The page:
Africa File: Banda doffs his Homburg

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The Independent Online
THE submission of Hastings Banda to the democratic will of the Malawi people is as astonishing a turnaround as anything that has happened in Southern Africa.

Dr Banda had declared himself President-for-Life, the Conqueror. A former elder of the Church of Scotland, he ruled like an absolute monarch and screamed that his critics should 'rot, rot, rot' in jail and threatened to feed them to the crocodiles.

One victim was Orton Chirwa, the lawyer, who was imprisoned in 1981 when he was 61 years old. Ten years later he was still kept for days 'in a squatting position in handcuffs and leg irons, which were chained to an iron bar behind his knees', according to Amnesty International. He died last year.

Yet Dr Banda will go down in history as a remarkable, if enigmatic, man - a unique product of the European impact on Africa. He spent his middle years as a much-loved GP on Tyneside, Liverpool and Harlesden. When he returned to Africa after an absence of more than 40 years, he no longer spoke his mother tongue.

He never married but has been cared for by a former nurse, 'Mama' Cecilia Kadzimira, who was called the Official Hostess. Her uncle, John Tembo, became the hated eminence grise of the regime and his future, perhaps his freedom, is now in doubt.

Dr Banda always wore a dark three-piece suit and a Homburg hat and sometimes full morning dress and his politics were as eccentric as his clothes. He founded an English-type public school where Latin and Greek are taught.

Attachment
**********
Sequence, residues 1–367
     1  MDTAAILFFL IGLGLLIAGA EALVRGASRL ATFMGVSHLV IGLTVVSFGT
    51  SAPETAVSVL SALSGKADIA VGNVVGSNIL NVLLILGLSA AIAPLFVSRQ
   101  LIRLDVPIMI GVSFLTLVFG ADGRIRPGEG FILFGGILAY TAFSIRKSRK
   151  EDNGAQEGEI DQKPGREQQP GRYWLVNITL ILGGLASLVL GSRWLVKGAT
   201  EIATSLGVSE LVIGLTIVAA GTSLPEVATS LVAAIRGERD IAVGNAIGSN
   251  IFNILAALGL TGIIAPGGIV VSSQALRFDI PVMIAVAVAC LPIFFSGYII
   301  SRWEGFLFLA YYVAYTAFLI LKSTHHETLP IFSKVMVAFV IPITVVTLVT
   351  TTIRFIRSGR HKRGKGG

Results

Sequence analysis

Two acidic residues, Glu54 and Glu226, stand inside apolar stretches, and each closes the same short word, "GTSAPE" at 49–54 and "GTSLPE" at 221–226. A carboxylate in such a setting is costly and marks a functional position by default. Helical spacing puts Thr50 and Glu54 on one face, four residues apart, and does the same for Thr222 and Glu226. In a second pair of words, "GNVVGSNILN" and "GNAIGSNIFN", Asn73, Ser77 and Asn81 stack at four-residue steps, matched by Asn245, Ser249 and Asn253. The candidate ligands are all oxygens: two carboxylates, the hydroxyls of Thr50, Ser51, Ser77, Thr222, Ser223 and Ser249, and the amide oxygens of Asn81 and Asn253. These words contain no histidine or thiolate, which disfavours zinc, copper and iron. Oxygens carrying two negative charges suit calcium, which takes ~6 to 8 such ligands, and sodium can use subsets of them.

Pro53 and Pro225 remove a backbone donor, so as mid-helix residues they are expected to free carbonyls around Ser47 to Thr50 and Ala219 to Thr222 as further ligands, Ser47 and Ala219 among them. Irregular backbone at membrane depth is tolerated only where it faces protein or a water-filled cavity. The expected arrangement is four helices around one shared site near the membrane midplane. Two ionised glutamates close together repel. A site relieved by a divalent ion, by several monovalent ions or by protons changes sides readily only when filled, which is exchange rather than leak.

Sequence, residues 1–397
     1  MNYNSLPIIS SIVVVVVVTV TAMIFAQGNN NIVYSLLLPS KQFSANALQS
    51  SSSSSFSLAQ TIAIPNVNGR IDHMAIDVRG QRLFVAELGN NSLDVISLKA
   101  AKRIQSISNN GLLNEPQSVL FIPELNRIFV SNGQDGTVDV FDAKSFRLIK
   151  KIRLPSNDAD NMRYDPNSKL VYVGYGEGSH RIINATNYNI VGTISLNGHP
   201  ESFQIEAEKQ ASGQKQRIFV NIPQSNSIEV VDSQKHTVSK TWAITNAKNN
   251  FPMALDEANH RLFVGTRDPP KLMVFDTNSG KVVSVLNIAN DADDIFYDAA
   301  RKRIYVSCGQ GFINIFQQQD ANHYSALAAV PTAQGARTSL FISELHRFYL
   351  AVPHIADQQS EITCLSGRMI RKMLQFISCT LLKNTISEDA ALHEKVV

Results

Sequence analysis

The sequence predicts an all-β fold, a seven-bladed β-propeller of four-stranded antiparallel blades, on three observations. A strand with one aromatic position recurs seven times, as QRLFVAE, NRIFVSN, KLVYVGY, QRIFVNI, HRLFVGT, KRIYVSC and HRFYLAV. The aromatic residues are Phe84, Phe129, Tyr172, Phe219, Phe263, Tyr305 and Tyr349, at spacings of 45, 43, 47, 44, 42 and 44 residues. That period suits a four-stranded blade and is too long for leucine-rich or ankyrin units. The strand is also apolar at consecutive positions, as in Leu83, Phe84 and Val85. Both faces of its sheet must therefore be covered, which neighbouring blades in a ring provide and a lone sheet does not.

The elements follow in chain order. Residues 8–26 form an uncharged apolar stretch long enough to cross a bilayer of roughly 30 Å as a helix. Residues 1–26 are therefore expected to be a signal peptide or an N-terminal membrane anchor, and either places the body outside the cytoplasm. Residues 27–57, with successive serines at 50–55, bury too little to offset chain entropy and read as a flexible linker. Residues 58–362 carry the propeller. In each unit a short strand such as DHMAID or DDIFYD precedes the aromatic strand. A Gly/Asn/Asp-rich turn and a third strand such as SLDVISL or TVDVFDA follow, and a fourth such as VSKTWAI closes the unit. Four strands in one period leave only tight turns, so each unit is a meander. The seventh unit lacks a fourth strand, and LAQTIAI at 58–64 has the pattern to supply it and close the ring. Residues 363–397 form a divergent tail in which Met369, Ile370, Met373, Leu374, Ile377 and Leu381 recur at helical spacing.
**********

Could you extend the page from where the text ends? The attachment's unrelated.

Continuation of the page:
Abroad, he kept close ties with South Africa. This earned him a new capital city at Lilongwe built by Pretoria and a warm visit from Margaret Thatcher in 1989. Britain needed an anti-sanctions ally and gave Dr Banda aid, saying nothing about human rights or democracy. Dr Banda felt stabbed in the back when Britain, no longer needing Cold War allies or partners over South Africa, stopped aid to force an election.

The new President Baliki Muluzi is an extrovert Muslim who runs a transport company and a tannery. The son of a soldier in the King's African Rifles, he went to college in Denmark (he still speaks fluent Danish) and at Huddersfield Technical College. He was appointed an MP by Dr Banda and then became secretary-general of the Malawi Congress Party. He resigned in 1982, accused of shaky financial dealings.

Despite Dr Banda's harsh rule, Malawians have earned the reputation as the nicest people in Africa. Perhaps that is why they put up with Dr Banda for so long.

AMONG African exiles in London is a group which thinks that tribalism, ethnicity and other realities of African life are invented by imperialism and the media. They should have met a journalist from Martinique working for a French television station, who was glad to get out of Rwanda last week. She is tall, brown and long-faced. 'I was terrified,' she explained, 'Everywhere I went the Hutus took me for a Tutsi]'

IF ANY black Britons or Americans think they can find their roots in Africa they should read Native Stranger by Eddy Harris, who describes himself as a 'Blackamerican' and recounts his African journey.

He ends up on the Zaire river realising that he has nothing in common with Africans, except his colour. He befriends a young English traveller called Justin. The river-boat captain berates him for travelling with a white man: 'His ancestors stole your ancestors from this place and took them to America as slaves.' Harris responds: 'Thinking quickly back on all I had seen and all I had felt, I turned to Justin and thanked him.'